Special Issue "Residual Entropy and Nonequilibrium States"
A special issue of Entropy (ISSN 1099-4300).
Deadline for manuscript submissions: closed (31 December 2017)
Prof. Dr. Purushottam D. Gujrati
1. Department of Physics, The University of Akron, Akron, OH 44325, USA
2. Department of Polymer Science, The University of Akron, Akron, OH 44325, USA
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Interests: phase transitions and critical phenomena; non-equilibrium Statistical thermodynamics; Bulk and Confined Space Thermodynamics; Polymer physics; solution Theory; combinatorics and graph theory; renormalization group and field theory
One of the basic axioms of classical thermodynamics is the Third Law. Even though absolute zero T=0 is unreachable, the law has played an important role in equilibrium thermodynamics. Away from equilibrium, it is no longer applicable and the limiting entropy at absolute zero, known as the residual entropy SR(T=0), is a measure of how far a system is out of equilibrium at T=0. Assuming equilibrium entropy Seq(T=0)=0, SR(T=0) is simply the nonequilibrium entropy at T=0. As long as entropy can be defined for any state, SR(T=0) or SR(T) at T>0 can also be identified. The systems we have in mind range from conventional thermodynamic systems usually studied in physics, chemistry, engineering, biology, etc., to black holes and systems characterized by quantum field theories (low-dimensional many-body systems), where entropy is usually called entanglement entropy. Several questions can be asked including the following. How does SR(T) depend on the process of preparing a state? How could it be measured or calculated? What can be said about SR and Seq at the same energy E? How does SR(T) relate to Seq(T)? What can be said about the energy E at T=0 for the equilibrium and nonequilibrium states? A question that has not been answered is: Can it be used as a measure of the “amount” of entanglement with the surroundings?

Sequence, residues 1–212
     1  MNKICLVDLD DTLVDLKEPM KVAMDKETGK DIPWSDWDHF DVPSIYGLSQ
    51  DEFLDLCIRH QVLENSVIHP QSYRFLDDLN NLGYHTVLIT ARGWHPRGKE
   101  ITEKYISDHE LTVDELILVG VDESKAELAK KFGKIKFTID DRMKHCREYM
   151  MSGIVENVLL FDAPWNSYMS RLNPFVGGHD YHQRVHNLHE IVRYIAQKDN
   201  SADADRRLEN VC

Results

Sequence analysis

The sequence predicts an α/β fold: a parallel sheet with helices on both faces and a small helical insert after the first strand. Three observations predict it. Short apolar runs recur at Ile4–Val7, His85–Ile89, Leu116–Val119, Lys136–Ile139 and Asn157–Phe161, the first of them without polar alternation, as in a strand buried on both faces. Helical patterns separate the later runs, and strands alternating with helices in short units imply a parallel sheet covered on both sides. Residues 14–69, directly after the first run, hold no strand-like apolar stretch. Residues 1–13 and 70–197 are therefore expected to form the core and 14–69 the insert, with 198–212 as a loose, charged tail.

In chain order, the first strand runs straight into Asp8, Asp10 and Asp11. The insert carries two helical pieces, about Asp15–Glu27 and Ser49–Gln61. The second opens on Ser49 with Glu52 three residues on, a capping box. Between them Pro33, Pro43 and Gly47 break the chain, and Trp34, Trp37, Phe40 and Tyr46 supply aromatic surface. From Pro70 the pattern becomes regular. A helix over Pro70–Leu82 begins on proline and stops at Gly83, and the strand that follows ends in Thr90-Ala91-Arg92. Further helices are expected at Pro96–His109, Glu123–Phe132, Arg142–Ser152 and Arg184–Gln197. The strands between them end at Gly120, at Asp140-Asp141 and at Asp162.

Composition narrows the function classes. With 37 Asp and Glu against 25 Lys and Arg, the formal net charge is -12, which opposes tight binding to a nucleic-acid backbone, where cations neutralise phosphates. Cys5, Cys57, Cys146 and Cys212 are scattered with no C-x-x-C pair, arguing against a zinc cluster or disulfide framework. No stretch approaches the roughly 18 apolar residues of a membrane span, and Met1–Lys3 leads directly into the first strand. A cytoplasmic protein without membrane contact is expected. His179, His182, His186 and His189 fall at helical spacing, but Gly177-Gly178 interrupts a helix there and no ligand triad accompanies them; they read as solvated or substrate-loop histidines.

Aim: The hope of the Special Issue is to bring together contributors from a wide variety of fields to unravel the mystery of SR(T) to better prepare us to deal with nonequilibrium states in general.
Prof. Dr. Purushottam D. Gujrati
Manuscript Submission Information
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- Entanglement Entropy
- Residual Entropy
- Metastability and Nonequilibrium States
- Classical and Quantum Systems, Entanglement